In December 2000, a US magazine carried a report which said that India would never be able to fly its own Light Combat Aircraft (LCA) due to the complexity of the technology needed and the US sanctions. On January 4, 2001, a determined team headed by Dr Kota Harinarayana successfully tested the first flight of their LCA Technology Demonstrator. The then-Prime Minister Atal Bihari Vajpayee named the aircraft ‘Tejas’ which translates to radiance in Sanskrit.
This is the story of how an aerospace engineer from Odisha developed India’s first homegrown LCA against heavy odds.
Image: Dr. Kota Harinarayan. Photo Source
In the early 80s, the country’s political leadership realised the need for an indigenous aircraft to replace the ageing MiG fleet. The ‘Long Term Re-Equipment Plan 1981’ cited that by the mid-1990s, these aircraft would reach “the end of their service lives”. This, in turn, would lead to a 40 per cent shortfall of such combat jets in the Indian Air Force.
In this light, the Light Combat Aircraft (LCA) programme was launched in the 1980s. It had two primary purposes: one was the replacement of the MiG-21s, and the other was to boost the advancement of India’s domestic aviation capabilities.
Back then, no single organisation had the capability to develop such an aircraft by itself. The makers of the last indigenous fighter jet, the HF 24 in 1961, had shut shop. Hence, the only way for the LCA programme to succeed was to start from scratch.
In 1984, the government appointed the Aeronautical Development Agency (ADA) to handle the LCA programme along with Hindustan Aeronautics Limited (HAL) and other institutions. At that time, V.S. Arunachalam was the scientific adviser to the defence minister. A former scientist at Defence Research and Development Organization (DRDO), he, in turn, chose a young design engineer from Odisha as the director of India’s fledgeling indigenous aircraft programme.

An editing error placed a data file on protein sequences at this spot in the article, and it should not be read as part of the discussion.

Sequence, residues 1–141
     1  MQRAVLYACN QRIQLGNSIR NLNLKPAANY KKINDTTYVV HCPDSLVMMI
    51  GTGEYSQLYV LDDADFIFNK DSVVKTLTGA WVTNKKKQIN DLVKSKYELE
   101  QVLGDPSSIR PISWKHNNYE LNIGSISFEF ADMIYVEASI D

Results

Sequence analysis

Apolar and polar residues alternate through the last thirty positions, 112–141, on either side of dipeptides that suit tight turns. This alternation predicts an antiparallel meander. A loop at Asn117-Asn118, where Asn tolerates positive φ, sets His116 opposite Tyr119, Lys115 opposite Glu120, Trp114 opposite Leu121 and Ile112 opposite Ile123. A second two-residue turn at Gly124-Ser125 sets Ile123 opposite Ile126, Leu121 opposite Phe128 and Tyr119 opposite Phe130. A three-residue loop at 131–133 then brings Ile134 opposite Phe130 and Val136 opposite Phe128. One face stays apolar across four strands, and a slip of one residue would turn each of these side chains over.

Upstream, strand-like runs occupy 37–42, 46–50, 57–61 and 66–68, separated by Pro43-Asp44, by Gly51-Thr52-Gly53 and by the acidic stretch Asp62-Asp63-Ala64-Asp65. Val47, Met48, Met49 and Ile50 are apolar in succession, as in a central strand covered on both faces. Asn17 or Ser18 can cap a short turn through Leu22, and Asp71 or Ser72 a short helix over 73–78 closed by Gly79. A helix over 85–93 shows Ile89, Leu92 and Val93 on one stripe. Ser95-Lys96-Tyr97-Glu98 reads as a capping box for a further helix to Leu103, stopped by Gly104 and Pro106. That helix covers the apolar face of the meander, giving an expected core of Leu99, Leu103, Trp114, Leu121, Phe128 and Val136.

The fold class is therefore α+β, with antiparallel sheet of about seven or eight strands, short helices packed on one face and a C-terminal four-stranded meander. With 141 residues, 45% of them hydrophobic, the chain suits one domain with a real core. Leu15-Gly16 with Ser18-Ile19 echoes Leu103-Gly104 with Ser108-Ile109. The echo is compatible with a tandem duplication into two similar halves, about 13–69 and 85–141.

Image: Dr Kota Harinarayana. Photo Source
Born at Badabazar in Berhampur district of Odisha in 1943, Kota Harinarayan completed his school education from City High School before cracking both engineering and medical entrance exams.
He chose to pursue engineering and obtained a degree in mechanical engineering from Banaras Hindu University.
Attracted towards a career in aerospace from a young age, he followed this by joining the Indian Institute of Science in Bengaluru for a course in aerospace engineering. Later, he joined Hindustan Aeronautics Limited (HAL) in Bangalore, India’s largest plane-maker, as a design engineer.